The Museum’s plan for reopening is a phased approach, and initially CMNH will open to their members only on Thursday – Saturday, September 3rd - 5th, and two timed-ticket entry sessions each day from 9 am - 11:30am and 1pm - 3:30 pm. Maximum occupancy for each session will be capped at 50 visitors, which is 10% of CMNH’s building capacity. All visitors must pre-register for their visit online. Online registration can be done one week in advance. Beginning in October, the Museum plans to offer two-hour private Museum rentals to groups of up to 50 people on Sundays.

“As we prepare to open our doors, we feel it is important to share the steps we are taking to keep our guests and employees safe,”said Bard. “We’ve always taken pride in providing a safe, clean, and accessible environment. During our closure, we’ve been preparing to reopen implementing best practices set forth by the Centers for Disease Control and Prevention, the Association of Children’s Museums, and the New Hampshire Reopening Guidelines.”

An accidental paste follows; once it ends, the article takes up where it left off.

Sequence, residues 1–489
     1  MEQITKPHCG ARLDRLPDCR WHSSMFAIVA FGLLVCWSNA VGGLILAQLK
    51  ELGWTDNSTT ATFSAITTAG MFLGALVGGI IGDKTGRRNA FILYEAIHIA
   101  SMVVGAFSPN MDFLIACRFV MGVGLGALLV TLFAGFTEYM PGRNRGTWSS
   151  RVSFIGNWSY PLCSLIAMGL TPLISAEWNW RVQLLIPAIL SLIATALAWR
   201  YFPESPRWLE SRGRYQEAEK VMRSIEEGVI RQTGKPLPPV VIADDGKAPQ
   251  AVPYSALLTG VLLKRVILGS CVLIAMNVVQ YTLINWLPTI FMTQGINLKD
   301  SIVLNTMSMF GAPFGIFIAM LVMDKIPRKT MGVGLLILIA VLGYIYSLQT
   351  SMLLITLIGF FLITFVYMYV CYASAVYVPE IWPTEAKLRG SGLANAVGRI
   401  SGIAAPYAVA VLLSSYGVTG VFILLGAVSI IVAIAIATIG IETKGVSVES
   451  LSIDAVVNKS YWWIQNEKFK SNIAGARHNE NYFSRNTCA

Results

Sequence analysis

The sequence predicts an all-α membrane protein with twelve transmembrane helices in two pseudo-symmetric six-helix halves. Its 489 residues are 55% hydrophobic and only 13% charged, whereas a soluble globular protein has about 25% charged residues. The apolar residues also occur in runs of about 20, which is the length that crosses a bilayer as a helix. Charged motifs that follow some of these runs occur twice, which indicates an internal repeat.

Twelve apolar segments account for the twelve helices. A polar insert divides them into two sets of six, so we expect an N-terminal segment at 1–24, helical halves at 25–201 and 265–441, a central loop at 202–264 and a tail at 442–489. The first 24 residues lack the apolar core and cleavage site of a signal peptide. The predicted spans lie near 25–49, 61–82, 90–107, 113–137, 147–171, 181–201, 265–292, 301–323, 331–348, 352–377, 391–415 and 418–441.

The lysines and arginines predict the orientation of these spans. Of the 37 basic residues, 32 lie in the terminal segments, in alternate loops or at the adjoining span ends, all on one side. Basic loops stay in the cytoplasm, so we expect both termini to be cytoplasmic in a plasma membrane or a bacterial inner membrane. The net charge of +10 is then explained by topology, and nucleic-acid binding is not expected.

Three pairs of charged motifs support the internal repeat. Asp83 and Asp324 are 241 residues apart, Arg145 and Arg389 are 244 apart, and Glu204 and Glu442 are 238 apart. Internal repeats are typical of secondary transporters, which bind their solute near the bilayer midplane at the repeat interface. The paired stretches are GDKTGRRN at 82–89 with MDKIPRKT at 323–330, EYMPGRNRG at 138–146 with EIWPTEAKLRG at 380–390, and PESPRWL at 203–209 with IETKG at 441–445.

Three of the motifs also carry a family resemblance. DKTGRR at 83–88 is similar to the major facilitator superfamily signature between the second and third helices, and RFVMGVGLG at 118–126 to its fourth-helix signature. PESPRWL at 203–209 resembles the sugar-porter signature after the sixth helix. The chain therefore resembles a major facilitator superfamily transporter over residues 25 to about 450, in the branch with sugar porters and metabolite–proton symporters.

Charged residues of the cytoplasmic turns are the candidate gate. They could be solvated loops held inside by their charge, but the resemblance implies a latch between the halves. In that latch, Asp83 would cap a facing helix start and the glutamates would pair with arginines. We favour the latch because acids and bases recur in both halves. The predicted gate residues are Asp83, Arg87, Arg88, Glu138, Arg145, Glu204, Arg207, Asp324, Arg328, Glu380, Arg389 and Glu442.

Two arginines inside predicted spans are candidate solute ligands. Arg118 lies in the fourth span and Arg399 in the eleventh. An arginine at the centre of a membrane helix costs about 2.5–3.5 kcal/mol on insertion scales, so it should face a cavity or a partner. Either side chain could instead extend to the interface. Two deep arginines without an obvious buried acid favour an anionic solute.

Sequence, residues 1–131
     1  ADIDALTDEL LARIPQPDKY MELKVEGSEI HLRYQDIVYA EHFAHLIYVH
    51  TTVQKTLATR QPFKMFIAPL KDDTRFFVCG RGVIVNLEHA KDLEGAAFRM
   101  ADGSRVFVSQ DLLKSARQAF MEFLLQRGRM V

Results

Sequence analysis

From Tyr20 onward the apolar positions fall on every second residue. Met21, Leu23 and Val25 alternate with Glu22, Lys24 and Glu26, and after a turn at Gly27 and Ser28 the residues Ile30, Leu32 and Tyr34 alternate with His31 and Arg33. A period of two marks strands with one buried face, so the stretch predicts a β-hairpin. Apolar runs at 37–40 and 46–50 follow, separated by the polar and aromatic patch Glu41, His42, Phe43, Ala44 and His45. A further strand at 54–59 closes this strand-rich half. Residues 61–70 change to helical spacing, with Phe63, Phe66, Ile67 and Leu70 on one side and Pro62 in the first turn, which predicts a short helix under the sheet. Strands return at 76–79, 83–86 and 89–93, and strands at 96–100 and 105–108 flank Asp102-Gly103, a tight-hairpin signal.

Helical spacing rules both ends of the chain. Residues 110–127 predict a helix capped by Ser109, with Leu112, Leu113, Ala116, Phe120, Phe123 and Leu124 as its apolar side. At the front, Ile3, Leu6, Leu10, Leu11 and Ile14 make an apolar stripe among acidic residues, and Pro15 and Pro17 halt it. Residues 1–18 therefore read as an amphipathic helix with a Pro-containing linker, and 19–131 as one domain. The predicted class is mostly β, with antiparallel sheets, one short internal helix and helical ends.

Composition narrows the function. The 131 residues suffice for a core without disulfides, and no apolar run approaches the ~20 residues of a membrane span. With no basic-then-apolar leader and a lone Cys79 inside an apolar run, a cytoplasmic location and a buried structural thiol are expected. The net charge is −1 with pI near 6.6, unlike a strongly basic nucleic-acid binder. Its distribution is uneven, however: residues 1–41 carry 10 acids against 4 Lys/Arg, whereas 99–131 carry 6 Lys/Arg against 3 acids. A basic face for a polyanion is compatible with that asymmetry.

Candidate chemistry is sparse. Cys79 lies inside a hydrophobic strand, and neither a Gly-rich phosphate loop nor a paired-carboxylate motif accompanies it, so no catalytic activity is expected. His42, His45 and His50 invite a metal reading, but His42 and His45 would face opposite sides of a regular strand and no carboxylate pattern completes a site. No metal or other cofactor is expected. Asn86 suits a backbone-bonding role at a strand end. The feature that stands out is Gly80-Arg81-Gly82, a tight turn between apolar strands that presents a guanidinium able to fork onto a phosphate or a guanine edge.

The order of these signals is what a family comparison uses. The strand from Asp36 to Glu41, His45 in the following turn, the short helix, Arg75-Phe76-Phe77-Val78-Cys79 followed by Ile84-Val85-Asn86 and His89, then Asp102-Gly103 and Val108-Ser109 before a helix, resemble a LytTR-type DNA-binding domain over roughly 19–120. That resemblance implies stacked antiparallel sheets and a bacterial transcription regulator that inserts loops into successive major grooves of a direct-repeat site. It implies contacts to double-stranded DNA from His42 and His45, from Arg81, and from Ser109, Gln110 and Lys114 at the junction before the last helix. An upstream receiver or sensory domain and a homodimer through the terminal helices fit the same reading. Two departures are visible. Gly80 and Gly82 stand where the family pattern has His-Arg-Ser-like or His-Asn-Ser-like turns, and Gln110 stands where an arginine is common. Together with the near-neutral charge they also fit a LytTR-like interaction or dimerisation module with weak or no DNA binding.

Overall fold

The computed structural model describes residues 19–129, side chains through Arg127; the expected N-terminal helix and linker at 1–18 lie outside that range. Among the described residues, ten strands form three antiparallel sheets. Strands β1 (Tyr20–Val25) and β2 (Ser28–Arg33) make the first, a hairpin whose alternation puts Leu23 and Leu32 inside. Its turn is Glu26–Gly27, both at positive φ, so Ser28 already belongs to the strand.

These safety guidelines include:

  • Physically distancing - There are occupancy limits posted for each exhibit, (usually one family at a time), floor decals and dinosaur footprints guiding visitors on the one-way flow of traffic around the Museum.
  • Face coverings - All visitors over the age of 24 months and all staff must wear a face covering over their mouth and nose at all times in the Museum. We will offer a once-monthly after-hours session for visitors who cannot wear a mask due to medical reasons. For September that date and time is Sunday, September 27th from 10am-noon. If you wish to visit during that date/time, please email neva@childrens-museum.org.
  • Frequent hand washing and sanitizing - The Museum has 17 hand-sanitizing stations and 12 sinks for hand-washing spaced throughout the building.
  • Ventilation - we have increased the air rate of exchange in our building to maximum levels and will keep windows open when possible to maximize air flow